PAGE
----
Finally, Something Worth Watching on ESPN: Tonight’s WNBA Draft Will Usher in a New Era, and a New Superstar


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The sports world has come to a screeching halt. All professional and collegiate sports have been postponed until further notice. There was no opening day in baseball, no ceremonial first pitch in spring training. ESPN has resorted to replaying old spelling bee competitions. The brand new XFL football league, with an investment of $375 million from WWE owner Vince McMahon just filed for Chapter 11 bankruptcy and as of yet, there is no end to the live sports drought in sight.

There is, however, one area of the sports world that is sticking to schedule. That is the WNBA Draft live on ESPN Friday evening at 7 p.m ET.

While there are certainly more important losses that people are feeling, sports bring people together. They are also a microcosm of society, a society that is seeing women lose their jobs at a higher rate than men while still making 81 cents to the dollar.

In the past year alone, women’s sports across the world have been having a moment. It seemed like we were at a time in history where the proverbial scale — the imbalance of coverage, investment, and respect — was starting to edge towards a more favorable balance for women.

The USWNT dominated the 2019 World Cup in France and are ingrained in a popular legal battle for equal pay against their employer, the U.S. Soccer Federation. Earlier this year, U.S. Soccer argued in court documents that the women on the USWNT were inferior in speed and strength by birth and essentially deserved to be paid less because of it. A public outcry to this sexist and misogynistic thinking ensued, including public statements from sponsors such as Coke and Deloitte and the eventual resignation of U.S Soccer’s president, Carlos Cordeiro.

In January, the WNBA and players association negotiated a new collective bargaining agreement that raised player’s salaries, increased revenue sharing, and included benefits for mothers and family planning. There have also been moves that have brought women’s teams in major markets to bigger venues, with Sky Blue FC of the National Women’s Soccer League to play their eventual 2020 season at Red Bull Stadium, just a simple train ride away from New York City.

The New York Liberty were to also play their eventual 2020 WNBA season at Barclays Center in Brooklyn, a vast improvement over their small arena in White Plains, a venue and location that was not easily accessible to players and fans. In January 2019, billionaire and Brooklyn Nets owner Joe Tsai’s company completed his purchase of the New York Liberty, helping to facilitate the move to Barclays.

The above examples show the trend of a changing tide in women’s sports, which receives just 4% of media coverage according to the Tucker Center for Research at the University of Minnesota despite 40 percent of all sports participants being female. That trend, however, is in major jeopardy without the thing actually necessary to continue it — women’s sports.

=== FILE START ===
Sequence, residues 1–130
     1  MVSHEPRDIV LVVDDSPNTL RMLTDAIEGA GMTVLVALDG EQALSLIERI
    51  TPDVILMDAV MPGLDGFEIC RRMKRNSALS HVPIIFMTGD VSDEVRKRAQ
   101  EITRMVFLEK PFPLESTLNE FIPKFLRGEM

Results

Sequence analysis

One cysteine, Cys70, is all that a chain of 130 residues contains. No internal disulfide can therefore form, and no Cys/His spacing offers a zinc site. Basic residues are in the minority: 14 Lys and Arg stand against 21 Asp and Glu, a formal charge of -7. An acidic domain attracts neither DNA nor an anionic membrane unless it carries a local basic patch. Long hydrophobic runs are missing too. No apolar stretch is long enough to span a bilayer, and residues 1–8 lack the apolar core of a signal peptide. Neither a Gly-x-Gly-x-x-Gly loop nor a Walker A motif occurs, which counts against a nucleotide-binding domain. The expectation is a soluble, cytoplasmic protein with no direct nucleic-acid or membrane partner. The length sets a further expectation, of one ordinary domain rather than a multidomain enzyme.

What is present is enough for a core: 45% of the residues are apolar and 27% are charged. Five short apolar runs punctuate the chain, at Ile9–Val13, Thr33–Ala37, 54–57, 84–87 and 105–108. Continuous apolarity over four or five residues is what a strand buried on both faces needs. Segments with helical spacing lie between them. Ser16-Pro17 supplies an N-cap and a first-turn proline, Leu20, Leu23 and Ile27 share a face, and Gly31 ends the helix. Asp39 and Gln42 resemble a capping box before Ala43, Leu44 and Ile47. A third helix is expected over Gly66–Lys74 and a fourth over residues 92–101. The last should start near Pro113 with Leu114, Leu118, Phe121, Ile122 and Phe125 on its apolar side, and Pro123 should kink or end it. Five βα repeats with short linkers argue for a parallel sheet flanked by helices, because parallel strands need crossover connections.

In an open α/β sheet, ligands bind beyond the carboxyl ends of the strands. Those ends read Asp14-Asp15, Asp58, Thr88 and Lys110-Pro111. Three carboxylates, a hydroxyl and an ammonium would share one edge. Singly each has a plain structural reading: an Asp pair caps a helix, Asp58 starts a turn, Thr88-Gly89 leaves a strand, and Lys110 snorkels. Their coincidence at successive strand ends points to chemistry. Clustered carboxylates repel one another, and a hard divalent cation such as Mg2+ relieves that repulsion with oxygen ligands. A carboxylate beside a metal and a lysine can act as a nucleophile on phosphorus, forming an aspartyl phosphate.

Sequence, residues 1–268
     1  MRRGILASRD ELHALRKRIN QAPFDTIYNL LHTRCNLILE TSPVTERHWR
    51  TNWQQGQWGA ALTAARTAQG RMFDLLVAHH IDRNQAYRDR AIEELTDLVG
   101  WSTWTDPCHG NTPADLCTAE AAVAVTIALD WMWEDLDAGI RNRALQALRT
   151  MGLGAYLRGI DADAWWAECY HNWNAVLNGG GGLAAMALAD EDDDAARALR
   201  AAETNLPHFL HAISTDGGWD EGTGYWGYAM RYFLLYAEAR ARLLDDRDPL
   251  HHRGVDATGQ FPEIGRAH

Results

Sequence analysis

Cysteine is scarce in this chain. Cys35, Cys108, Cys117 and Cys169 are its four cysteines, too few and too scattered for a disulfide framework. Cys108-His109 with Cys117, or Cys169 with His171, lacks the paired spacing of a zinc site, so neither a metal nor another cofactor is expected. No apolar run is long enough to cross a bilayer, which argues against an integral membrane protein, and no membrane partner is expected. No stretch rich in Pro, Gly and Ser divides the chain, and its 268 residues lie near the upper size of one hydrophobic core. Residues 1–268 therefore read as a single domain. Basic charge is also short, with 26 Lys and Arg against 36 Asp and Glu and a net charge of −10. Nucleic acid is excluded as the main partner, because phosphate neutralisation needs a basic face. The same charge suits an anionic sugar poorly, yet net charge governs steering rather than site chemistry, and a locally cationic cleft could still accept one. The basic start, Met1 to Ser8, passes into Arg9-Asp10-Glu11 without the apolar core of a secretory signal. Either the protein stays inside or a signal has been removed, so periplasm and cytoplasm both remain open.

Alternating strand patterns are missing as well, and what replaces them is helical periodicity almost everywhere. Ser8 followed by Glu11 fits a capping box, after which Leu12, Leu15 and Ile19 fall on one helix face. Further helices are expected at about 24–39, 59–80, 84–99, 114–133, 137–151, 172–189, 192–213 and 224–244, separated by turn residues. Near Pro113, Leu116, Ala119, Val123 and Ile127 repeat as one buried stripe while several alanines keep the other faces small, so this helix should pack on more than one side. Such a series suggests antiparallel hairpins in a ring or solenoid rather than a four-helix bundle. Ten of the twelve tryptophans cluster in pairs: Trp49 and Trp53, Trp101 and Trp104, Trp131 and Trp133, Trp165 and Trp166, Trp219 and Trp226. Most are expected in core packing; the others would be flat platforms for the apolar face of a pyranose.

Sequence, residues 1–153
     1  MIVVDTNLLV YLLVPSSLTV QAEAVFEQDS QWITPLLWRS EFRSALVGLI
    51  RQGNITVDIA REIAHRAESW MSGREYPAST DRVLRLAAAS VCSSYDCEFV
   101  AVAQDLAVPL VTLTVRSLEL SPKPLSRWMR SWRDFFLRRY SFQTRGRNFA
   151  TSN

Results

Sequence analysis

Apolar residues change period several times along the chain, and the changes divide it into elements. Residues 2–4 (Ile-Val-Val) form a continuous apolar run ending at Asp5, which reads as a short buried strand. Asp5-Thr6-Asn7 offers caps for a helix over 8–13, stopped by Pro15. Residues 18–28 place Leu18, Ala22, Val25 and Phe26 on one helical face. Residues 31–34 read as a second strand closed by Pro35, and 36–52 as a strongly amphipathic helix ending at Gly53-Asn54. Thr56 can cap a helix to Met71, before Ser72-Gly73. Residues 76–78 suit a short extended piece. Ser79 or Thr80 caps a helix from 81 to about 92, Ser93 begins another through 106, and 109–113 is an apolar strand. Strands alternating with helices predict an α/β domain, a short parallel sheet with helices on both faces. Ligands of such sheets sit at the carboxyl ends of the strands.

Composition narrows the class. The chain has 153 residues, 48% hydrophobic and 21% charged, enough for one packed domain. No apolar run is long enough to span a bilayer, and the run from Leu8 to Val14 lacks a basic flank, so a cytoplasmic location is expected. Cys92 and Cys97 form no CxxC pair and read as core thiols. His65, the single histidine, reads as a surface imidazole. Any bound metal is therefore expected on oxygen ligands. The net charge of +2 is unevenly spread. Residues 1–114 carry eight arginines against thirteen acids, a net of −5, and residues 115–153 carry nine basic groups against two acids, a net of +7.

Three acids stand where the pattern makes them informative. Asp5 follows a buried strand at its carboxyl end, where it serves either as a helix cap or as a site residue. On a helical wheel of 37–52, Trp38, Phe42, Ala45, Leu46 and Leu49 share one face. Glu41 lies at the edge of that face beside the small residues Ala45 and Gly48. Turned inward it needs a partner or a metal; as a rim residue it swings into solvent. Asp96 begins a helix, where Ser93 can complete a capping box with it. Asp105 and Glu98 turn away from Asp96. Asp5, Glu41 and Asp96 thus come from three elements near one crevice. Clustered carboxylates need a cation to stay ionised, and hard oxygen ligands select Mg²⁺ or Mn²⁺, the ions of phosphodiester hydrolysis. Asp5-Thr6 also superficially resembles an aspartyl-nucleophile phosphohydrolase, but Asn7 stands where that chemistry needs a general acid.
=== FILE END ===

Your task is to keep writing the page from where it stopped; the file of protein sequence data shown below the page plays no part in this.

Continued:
As professional sports leagues everywhere continue to monitor health and government officials on a possible return to live sports, women’s sports stand to suffer the most. The NWSL, originally scheduled to start play April 18, does not have a timetable to resume, or at least one that can be guaranteed. For a league standing to benefit from the astounding success of players with four World Cup wins, the financial future remains uncertain.

Nothing is normal. The absence of sports reminds us of that. The WNBA’s virtual draft, in spite of a season in question, is the glue holding the momentum of women’s sports together. University of Oregon guard and national standout Sabrina Ionescu is projected to be the No. 1 pick by the New York Liberty. Her talent and marketability are a perfect fit for the New York market, with the New York Post already running headlines calling Ionescu a “superstar” and ready to change the WNBA forever.”

Ionescu herself understands this. “Just the marketability that there is in New York and kind of the hustle and bustle is something I think could be not only beneficial to myself as a person but as a brand and for women’s basketball,” she said on a video conference Tuesday with reporters.

With so much uncertainty around the WNBA season, the league could have changed course and postponed the draft. Instead, the WNBA decided to hold the draft as scheduled, responsibly and virtually. The hype around Ionescu on and the draft airing on ESPN will continue the momentum women’s sports have been building for the past year. The WNBA draft is the centerpiece, the part of the table everyone is looking at to stand tall.

And it will stand tall, at 5’11, as a guard, out of the University of Oregon.

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Kelsey Trainor is a lawyer, producer, and writer who resides in New York City and works for Mediaite. Kelsey worked for the hit CBS series Blue Bloods. As a two-sport collegiate athlete and former college coach, Kelsey writes for a number of publications regarding issues related to collegiate athletics, equality in sports, and more.